U.S. manufacturing hit a wall in May, contracting to its lowest output levels in four years. The manufacturing slowdown caught analysts by surprise.
The Institute for Supply Management (ISM) manufacturing index dropped from 50.7 in April to 49 in May. Anything below 50 indicates a contraction in manufacturing. The May drop is the lowest level since June 2009 when the index hit 45.8.
“There’s nothing here that indicates a recession, just that things are going to be perhaps a little bit softer,” Chief Raymond James economist Scott Brown told Reuters.
“The key question, particularly for the Fed, is what does the data imply for the future?” said Brown. “Are things going to be strong enough that they’re going to pick up in the second half? That expectation is still there but it’s probably on shaky footing.”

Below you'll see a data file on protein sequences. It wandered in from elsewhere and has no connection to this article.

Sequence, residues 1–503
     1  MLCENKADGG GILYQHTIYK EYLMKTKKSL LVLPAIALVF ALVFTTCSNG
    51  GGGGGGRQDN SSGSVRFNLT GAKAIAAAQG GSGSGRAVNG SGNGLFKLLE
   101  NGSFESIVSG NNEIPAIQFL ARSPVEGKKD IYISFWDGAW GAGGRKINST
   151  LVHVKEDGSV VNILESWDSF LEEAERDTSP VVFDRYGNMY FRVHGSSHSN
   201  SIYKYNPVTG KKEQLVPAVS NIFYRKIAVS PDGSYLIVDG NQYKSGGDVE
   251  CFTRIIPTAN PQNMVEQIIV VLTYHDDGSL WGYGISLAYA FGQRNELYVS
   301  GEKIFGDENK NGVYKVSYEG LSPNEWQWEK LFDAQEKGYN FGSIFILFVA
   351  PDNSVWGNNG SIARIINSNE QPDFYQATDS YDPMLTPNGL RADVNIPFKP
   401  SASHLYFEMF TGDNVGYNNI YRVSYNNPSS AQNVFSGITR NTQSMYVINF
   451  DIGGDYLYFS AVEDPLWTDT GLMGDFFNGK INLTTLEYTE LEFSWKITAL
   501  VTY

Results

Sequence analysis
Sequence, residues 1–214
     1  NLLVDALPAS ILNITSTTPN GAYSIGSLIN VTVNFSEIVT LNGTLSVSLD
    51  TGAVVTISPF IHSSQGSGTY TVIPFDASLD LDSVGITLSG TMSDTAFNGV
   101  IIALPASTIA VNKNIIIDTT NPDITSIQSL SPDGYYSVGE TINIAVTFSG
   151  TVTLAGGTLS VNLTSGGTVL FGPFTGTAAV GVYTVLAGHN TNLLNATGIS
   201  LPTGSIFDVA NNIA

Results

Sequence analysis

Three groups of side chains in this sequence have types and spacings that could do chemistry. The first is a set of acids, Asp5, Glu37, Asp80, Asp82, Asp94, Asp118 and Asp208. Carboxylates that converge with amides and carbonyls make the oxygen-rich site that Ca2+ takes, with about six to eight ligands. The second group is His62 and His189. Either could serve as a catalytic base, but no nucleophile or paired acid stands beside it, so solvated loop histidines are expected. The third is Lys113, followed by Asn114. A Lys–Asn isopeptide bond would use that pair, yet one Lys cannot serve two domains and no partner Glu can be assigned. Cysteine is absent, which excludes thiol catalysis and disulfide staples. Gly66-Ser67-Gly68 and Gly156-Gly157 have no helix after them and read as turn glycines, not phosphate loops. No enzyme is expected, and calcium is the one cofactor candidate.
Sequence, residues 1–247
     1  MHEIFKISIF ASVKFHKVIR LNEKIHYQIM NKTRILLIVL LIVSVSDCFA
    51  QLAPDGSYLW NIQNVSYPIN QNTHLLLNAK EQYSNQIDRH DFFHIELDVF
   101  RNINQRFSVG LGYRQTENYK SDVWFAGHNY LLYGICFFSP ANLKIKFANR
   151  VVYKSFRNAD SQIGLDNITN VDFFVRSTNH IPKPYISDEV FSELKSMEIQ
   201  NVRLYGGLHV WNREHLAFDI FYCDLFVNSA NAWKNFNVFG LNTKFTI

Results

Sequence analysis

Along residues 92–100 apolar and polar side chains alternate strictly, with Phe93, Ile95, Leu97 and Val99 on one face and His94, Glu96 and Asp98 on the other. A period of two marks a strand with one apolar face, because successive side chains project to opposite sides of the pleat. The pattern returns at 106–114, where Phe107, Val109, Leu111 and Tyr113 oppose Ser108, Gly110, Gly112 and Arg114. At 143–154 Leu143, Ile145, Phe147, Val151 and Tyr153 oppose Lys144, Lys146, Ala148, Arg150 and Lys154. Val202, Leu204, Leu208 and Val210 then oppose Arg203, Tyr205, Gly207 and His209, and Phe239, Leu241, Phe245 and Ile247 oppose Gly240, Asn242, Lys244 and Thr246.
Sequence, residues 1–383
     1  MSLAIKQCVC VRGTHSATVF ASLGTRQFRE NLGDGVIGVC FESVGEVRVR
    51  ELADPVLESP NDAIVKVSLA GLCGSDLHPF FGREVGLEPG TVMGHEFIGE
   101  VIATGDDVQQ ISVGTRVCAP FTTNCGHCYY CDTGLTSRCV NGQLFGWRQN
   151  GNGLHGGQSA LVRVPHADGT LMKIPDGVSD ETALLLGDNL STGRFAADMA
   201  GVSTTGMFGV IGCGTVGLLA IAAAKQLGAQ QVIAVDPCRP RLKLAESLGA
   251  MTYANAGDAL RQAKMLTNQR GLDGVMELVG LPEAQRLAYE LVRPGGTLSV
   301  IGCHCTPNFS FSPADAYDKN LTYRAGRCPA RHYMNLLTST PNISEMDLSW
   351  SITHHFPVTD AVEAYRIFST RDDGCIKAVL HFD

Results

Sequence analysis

ISM Manufacturing Business Survey Committee chairman Bradley J. Holcomb says the May figures are not “anything more than a blip on the screen” and that he still expects “a good second half of the year.”
But Wilmer Stith, co-manager of the $300 million Wilmington Broad Market Bond Fund, told the Wall Street Journal that the unexpected hit to manufacturing is somewhat troubling.
“Manufacturing has been one of the stalwarts of U.S. growth post the Great Recession,” said Stith. “So the fact that the leg of the stool has contracted isn’t necessarily a good thing.”